During the peak of the pandemic, rescue workers like Troy were also in the front line along with medical workers in attending to people infected with COVID-19. However, unlike medical workers, rescue workers do not have hazard pay or any financial compensation.
“Minsan nga ang lokohan namin dito, hindi yata kami frontliner kahit niri-risk din namin ang aming buhay para sa mga tao,” Tapican said.
(Sometimes we jokingly say, I guess we are not frontliners even though we risk our lives for the people.)
Though already provided, Tapican admitted the need for better support such as proper equipment, training, and management to better ensure the welfare of rescue workers in the country after what happened to her colleagues in line with their work.
She also emphasized the need for rescuers to get hazard pay.
“Until now, there is no policy that aims to protect us, that magna carta that is supposedly for rescue workers is still not implemented,” Tapican said in a mix of Filipino and English.
Wake up call for the government
After the incident, pledges of support and special tributes from different government agencies and nongovernmental organizations poured in for the families of the fallen Bulacan rescuers.
In a press briefing during the wake of the Bulacan rescuers in Malolos City on September 30, the Office of Civil Defense called on lawmakers to pass a Magna Carta for rescue workers to fully safeguard the welfare of rescuers and ensure appropriate wages and benefits for them.
House Bill No. 4490 or an act providing for the Magna Carta for public disaster risk reduction and management workers was filed in the House of Representatives in September.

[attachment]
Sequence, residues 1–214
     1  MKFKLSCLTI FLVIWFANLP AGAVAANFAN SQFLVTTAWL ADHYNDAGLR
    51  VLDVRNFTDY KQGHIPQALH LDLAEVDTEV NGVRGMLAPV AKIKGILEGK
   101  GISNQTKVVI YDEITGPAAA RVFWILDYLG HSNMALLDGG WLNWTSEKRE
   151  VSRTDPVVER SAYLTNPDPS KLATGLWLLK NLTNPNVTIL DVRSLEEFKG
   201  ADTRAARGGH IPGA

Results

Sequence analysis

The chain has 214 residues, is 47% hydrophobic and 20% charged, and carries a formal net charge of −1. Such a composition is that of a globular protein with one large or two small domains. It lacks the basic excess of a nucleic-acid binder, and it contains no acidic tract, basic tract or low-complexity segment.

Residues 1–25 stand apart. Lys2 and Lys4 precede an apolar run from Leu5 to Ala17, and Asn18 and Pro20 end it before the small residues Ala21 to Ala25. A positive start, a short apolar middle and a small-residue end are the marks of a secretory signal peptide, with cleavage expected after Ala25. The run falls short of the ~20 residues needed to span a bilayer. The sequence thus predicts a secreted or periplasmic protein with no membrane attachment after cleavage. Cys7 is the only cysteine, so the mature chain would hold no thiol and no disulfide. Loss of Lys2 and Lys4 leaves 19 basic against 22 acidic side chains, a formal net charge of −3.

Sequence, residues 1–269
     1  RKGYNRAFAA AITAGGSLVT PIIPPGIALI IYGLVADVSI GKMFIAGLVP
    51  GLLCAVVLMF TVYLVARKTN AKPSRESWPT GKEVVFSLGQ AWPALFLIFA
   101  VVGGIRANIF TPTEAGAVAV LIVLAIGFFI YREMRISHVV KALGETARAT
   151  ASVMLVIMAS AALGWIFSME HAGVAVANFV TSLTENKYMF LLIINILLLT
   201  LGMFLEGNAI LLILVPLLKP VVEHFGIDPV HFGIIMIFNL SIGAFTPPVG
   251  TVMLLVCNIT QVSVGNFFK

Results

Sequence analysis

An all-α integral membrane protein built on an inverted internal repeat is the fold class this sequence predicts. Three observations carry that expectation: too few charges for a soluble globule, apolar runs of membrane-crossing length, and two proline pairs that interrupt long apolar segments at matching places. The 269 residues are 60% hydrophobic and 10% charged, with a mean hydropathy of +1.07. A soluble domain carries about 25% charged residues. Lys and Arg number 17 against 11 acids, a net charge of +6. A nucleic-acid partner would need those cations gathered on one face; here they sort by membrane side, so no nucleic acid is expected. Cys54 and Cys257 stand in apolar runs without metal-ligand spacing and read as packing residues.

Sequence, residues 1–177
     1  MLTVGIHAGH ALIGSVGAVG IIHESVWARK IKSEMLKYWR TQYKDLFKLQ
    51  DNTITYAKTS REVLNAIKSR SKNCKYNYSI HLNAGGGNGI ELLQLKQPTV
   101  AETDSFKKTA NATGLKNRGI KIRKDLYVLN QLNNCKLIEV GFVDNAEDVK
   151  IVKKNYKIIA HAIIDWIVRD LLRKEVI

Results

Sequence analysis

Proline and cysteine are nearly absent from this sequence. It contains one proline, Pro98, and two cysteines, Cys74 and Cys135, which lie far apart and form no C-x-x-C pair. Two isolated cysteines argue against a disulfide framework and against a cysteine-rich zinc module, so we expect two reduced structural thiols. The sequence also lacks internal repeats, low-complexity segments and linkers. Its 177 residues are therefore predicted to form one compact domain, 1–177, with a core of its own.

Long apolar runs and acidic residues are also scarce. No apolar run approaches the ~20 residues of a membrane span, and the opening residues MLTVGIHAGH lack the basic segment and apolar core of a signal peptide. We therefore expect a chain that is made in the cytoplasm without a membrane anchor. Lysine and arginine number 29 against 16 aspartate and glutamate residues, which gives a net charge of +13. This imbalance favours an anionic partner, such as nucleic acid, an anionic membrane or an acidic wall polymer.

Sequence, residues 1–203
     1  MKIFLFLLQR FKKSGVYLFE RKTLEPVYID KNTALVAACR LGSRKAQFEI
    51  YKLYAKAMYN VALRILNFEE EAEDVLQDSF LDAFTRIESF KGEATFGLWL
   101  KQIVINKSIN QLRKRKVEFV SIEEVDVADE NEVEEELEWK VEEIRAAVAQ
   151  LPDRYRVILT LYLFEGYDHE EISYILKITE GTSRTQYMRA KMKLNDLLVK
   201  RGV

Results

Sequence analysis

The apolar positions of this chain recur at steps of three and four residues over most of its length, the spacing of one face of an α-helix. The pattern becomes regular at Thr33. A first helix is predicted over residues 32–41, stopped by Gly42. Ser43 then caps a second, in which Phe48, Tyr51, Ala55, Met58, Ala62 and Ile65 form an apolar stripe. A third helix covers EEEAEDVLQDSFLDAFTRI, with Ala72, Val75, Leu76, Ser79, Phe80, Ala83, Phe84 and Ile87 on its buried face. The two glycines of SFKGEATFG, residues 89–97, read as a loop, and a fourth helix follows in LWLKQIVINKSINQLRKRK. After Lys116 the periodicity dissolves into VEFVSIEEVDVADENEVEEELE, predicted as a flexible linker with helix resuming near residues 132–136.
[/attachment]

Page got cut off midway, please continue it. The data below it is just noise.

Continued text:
Although grateful for all the aid she had received from various organizations and individuals, Jessa said it would have been more rewarding if her husband got the same support when he was still alive.
“Big part of me thinking din na paano ko ito mae-enjoy kung wala na iyong asawa ko? It also saddens me na ang daming nagbigay ng donations ngayon na patay na sila pero noong nabubuhay sila iyong hazard pay tinitipid,” Jessa explained.
(A big part of me is thinking, how can I enjoy all this when my husband is gone? It also saddens me that there are many who are giving donations now that they [the rescuers] are dead but when they were still alive, they scrimped on the hazard pay.)
For Tapican, what happened to the rescuers should bring changes in the treatment of rescue workers in the country.
“Ngayong bumuhos ang suporta sa amin, sana sa mga susunod na panahon ganito pa rin. Sana pangalagaan kami para hindi na maulit pa iyong trahedyang nangyari,” Tapican added.
(Now that support is flooding in, hopefully in the future, it will still be like this. Hopefully we will be taken care of so tragedies won’t happen again.)
For Jessa, what happened to her husband and other fallen rescuers should be a wake-up call for the government to give better support to rescue workers.
“Sobra na iyong tulong sa akin, iyong tulong naman na hinihingi ko ngayon ay para na sa lahat ng rescue workers. Sana po ay pakinggan ang tinig ng mga taong isinasakripisyo ang sariling buhay so others may live,” Jessa added.
(I got so much help already. The help that I am asking for now is for all rescue workers. I hope the voices of those who sacrifice their lives will be heard, so others may live.) – Rappler.com
According to the provincial government of Bulacan, several private organizations, government agencies, and business people have extended assistance to the families left behind by the rescuers who perished. These included cash aid from the DSWD, Bulacan Rescue and Insular Life, Governor Daniel Fernando, PAGCOR chair Al Tengco, and former vice president Leni Robredo’s Angat Buhay Foundation. Congressmen and women pledged cash assistance as well.
Each family also received scholarships from the Bulacan State University and from Century Peak Holding Corporation chair Wilfredo Keng, through daughter Katrina Keng. Businessman Ramon Ang of San Miguel Corporation also gave the families cash assistance and business starter packages.
Here’s a list of organizations through which you can donate to help the communities affected by Tropical Storm Paeng.